Observations from the first widespread snowfall of the 2004-2005 season, Goesir200411121745utc November 12-13, 2004
The first widespread snowfall of the season occurred in southern New England from the afternoon of the 12th through midday on the 13th, as low pressure developed off the mid Atlantic coast and tracked southeast of New England. Many locations in Massachusetts outside of the south coast reported snowfall totals between 2 and 6 inches. Amounts were a little higher in Norfolk and northern Bristol Counties, however, where totals of 4 to 8 inches were widely observed. Despite this being the first widespread snowfall of the season, there was little significant impact, aside from several minor accidents throughout eastern Massachusetts. Official snowfall totals included 7.8 inches at Blue Hill Observatory in Milton, 6.7 inches at the National Weather Service office in Taunton, 3.9 inches at Logan International Airport in Boston, and 3.0 inches at Worcester Airport. Other snowfall totals, as reported by trained spotters, included 8 inches in Randolph; 7 inches in Easton, Norton, Rehoboth, and Franklin; and 6 inches in Braintree, Norwood, and Foxboro. See also Early Snow of 12 November 2004 by Richard H. Grumm and John Lacort of the NWS, State College, PA [image: GOES IR satellite image (1745 UTC), surface plots (1800 UTC) and ETA frontogenesis (00-hour forecasts) valid at 1800 UTC 12 November 2004.]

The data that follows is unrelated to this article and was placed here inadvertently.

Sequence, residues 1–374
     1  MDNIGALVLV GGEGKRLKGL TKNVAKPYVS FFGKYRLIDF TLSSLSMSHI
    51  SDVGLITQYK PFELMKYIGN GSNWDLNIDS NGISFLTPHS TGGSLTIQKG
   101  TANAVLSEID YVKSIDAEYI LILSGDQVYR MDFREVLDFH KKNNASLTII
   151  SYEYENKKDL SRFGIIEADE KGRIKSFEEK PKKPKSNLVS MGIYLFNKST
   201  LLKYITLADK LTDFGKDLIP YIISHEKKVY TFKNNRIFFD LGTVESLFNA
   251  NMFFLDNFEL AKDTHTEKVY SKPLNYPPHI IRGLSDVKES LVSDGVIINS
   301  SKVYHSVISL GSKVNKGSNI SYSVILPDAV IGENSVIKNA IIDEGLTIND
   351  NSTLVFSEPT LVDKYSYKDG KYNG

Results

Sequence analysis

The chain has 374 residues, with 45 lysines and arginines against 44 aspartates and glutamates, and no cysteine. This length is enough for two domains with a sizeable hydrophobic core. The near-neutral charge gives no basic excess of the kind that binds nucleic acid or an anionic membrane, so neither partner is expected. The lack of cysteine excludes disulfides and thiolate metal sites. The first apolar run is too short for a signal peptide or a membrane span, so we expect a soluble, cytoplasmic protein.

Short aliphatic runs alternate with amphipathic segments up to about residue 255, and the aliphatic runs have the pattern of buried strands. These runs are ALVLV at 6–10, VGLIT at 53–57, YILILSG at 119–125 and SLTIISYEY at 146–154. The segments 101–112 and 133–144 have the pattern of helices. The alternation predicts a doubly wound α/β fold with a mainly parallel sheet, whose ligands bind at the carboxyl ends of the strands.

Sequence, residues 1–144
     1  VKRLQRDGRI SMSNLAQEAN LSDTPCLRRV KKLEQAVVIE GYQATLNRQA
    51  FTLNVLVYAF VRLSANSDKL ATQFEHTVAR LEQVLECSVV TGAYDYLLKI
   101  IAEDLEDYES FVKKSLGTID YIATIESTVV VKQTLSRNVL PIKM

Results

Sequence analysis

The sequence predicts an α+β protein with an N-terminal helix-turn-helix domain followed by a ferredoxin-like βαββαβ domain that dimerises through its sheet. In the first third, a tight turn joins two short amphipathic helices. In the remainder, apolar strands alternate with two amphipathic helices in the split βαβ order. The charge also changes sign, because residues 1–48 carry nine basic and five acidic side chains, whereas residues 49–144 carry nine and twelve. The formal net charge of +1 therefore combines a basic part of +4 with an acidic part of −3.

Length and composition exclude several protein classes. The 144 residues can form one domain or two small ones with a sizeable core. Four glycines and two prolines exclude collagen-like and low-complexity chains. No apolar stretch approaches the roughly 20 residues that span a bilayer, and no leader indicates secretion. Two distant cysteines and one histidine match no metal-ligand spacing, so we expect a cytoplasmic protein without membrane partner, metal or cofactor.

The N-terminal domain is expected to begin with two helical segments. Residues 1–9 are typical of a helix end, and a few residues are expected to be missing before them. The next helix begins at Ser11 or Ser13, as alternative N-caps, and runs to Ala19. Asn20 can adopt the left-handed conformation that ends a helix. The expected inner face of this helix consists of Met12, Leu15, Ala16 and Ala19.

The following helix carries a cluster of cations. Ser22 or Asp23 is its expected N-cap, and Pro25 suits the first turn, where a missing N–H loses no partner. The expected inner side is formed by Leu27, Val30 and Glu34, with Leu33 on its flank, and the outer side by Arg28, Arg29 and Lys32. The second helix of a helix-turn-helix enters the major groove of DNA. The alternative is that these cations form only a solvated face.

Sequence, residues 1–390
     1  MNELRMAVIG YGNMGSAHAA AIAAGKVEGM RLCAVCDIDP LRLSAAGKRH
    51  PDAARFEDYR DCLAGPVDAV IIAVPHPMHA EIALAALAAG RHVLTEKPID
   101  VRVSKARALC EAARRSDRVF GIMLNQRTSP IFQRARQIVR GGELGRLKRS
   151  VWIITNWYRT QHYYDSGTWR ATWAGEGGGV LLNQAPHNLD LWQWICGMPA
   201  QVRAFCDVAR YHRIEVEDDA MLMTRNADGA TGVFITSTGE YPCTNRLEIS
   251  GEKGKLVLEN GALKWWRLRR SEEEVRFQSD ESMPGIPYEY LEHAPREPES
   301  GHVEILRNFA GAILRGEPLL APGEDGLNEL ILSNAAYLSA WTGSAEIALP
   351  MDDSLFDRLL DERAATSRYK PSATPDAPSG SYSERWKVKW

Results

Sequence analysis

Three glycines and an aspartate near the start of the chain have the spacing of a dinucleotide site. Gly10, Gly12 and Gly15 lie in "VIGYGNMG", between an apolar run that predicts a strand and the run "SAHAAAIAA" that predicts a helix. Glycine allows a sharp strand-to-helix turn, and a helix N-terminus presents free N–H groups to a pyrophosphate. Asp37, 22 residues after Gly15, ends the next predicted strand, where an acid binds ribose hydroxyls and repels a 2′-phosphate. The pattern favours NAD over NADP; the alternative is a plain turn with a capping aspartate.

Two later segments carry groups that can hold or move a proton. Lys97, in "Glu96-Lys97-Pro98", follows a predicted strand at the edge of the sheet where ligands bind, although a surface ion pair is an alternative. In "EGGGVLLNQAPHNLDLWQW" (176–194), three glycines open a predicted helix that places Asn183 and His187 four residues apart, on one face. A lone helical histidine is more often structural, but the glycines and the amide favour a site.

Ice Storm Observations from November 18, 2002

Snowfall Accumulations from November 27, 2002 (see below)

November 2, 2002